(Phys.org) -- This artist's illustration gives an impression of how common planets are around the stars in the Milky Way. The planets, their orbits and their host stars are all vastly magnified compared to their real separations. A six-year search that surveyed millions of stars using the microlensing technique concluded that planets around stars are the rule rather than the exception. The average number of planets per star is greater than one. This means that there is likely to be a minimum of 1,500 planets within just 50 light-years of Earth.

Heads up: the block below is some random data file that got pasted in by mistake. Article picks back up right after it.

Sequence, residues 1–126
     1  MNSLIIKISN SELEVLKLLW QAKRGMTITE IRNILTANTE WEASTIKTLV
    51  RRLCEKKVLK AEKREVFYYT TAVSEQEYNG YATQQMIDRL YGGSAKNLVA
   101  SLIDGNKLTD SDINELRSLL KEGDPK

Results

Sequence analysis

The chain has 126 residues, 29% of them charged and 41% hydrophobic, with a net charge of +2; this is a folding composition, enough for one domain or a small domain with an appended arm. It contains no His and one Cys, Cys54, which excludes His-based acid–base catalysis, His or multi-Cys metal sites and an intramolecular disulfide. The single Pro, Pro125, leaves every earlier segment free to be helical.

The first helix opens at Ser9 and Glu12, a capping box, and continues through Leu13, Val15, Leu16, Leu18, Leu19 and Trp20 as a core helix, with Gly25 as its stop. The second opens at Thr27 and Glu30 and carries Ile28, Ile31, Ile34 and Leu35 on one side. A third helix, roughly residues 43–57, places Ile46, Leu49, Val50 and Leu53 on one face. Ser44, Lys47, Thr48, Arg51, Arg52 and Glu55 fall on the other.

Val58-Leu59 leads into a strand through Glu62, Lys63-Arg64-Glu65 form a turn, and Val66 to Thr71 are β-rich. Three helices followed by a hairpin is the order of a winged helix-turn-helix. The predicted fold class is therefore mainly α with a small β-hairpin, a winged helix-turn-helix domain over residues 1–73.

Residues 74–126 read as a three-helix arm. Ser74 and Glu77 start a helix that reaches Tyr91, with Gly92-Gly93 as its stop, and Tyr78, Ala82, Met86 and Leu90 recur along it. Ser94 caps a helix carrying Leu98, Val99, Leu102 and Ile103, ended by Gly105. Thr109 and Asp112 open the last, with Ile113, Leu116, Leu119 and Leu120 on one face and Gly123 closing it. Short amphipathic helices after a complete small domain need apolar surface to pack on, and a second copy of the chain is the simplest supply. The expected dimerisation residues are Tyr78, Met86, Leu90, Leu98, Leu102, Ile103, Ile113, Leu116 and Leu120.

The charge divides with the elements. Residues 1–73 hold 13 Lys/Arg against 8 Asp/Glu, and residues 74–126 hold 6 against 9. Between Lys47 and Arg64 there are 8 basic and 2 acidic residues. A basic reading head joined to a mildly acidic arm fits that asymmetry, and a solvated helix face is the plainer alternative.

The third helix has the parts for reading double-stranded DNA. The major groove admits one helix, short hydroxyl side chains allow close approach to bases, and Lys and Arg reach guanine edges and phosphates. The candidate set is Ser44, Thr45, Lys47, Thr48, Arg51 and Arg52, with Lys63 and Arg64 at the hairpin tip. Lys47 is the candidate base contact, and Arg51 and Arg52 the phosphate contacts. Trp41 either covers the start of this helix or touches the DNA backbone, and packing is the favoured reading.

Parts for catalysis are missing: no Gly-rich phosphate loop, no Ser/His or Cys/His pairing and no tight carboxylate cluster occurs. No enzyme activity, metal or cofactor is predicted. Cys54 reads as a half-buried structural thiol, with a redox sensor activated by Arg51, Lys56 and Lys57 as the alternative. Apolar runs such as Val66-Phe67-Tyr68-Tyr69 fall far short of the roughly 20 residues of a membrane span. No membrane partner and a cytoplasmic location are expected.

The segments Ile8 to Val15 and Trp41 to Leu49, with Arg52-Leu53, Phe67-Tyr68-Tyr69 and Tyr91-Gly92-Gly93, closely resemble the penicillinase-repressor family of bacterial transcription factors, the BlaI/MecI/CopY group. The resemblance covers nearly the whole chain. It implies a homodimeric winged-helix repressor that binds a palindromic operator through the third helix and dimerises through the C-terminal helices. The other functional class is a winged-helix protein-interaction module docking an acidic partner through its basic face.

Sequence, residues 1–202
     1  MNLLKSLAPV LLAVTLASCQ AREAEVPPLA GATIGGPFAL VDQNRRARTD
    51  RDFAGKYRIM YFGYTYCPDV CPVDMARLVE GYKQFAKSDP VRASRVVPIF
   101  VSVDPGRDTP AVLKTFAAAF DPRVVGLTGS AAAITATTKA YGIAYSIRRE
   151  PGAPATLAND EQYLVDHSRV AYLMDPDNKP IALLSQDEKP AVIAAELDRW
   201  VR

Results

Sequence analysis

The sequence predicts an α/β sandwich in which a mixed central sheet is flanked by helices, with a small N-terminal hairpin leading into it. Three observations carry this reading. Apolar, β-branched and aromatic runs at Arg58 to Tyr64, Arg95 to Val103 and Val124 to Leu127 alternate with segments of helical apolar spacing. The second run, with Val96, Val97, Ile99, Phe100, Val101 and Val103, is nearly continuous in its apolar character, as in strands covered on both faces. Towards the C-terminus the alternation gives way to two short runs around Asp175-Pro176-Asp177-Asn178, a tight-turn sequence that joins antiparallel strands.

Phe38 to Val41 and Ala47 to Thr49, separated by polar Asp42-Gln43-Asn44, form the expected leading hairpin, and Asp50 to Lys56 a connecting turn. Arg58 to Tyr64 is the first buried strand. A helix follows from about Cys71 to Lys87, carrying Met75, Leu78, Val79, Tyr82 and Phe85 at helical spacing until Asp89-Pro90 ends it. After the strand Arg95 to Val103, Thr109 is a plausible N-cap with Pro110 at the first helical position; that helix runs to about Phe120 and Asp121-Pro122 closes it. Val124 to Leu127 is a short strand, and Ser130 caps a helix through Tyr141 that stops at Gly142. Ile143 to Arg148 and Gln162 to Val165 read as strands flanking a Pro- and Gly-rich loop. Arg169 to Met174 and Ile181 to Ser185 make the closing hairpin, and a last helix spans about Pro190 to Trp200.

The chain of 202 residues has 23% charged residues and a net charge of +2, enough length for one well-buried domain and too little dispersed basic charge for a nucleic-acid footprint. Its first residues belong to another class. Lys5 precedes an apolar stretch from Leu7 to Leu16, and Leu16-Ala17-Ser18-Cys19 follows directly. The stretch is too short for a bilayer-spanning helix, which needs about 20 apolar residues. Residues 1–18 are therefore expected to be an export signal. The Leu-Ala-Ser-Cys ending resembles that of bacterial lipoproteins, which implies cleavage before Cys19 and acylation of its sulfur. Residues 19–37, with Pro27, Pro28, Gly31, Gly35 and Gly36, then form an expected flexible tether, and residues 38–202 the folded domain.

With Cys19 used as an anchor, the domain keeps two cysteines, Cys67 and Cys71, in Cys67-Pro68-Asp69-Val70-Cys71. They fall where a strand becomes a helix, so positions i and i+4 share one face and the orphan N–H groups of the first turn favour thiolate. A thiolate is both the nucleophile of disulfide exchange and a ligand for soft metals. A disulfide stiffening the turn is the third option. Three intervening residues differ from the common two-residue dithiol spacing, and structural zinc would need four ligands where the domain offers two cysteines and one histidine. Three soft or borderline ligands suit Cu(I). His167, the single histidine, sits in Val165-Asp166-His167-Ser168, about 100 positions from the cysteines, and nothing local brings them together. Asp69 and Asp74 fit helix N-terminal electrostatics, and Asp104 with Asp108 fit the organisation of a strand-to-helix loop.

The results are based on observations taken over six years by the PLANET (Probing Lensing Anomalies NETwork) collaboration, which was founded in 1995. The study concludes that there are far more Earth-sized planets than bloated Jupiter-sized worlds. This is based on calibrating a planetary mass function that shows the number of planets increases for lower mass worlds. A rough estimate from this survey would point to the existence of more than 10 billion terrestrial planets across our galaxy.
The results were published in the Jan. 12, 2012, issue of the British science journal Nature.
Explore further: The Milky Way contains at least 100 billion planets according to survey